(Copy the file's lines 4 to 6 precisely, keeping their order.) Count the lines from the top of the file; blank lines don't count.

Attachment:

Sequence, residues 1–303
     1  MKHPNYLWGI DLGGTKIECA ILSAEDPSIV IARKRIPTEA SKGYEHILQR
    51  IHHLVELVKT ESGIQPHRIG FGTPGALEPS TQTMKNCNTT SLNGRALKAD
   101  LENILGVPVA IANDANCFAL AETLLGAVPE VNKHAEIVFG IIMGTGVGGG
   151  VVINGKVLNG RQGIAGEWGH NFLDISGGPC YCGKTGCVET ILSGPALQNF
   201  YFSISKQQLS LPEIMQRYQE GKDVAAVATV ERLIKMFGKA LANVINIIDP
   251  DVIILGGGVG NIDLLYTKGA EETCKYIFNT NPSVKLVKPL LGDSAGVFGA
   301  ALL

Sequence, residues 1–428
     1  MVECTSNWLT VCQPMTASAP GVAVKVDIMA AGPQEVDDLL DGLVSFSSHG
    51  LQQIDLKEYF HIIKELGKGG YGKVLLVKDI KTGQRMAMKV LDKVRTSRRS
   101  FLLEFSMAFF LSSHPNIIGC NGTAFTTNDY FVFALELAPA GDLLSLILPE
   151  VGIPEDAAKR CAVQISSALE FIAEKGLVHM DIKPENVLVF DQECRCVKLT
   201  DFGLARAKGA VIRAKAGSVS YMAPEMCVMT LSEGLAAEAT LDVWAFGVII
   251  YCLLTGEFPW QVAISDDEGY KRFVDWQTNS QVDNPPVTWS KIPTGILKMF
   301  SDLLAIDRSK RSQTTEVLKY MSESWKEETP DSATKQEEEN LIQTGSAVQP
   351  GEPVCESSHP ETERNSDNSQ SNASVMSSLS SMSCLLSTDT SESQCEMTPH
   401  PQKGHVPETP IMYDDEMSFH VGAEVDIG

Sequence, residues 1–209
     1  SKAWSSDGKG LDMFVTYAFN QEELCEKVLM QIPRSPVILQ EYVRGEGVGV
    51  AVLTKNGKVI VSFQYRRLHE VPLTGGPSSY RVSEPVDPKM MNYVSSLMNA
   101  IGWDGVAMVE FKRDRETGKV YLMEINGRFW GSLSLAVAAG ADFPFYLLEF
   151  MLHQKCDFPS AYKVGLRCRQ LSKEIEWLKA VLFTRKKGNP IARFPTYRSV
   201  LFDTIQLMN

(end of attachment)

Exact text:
   101  LENILGVPVA IANDANCFAL AETLLGAVPE VNKHAEIVFG IIMGTGVGGG
   151  VVINGKVLNG RQGIAGEWGH NFLDISGGPC YCGKTGCVET ILSGPALQNF
   201  YFSISKQQLS LPEIMQRYQE GKDVAAVATV ERLIKMFGKA LANVINIIDP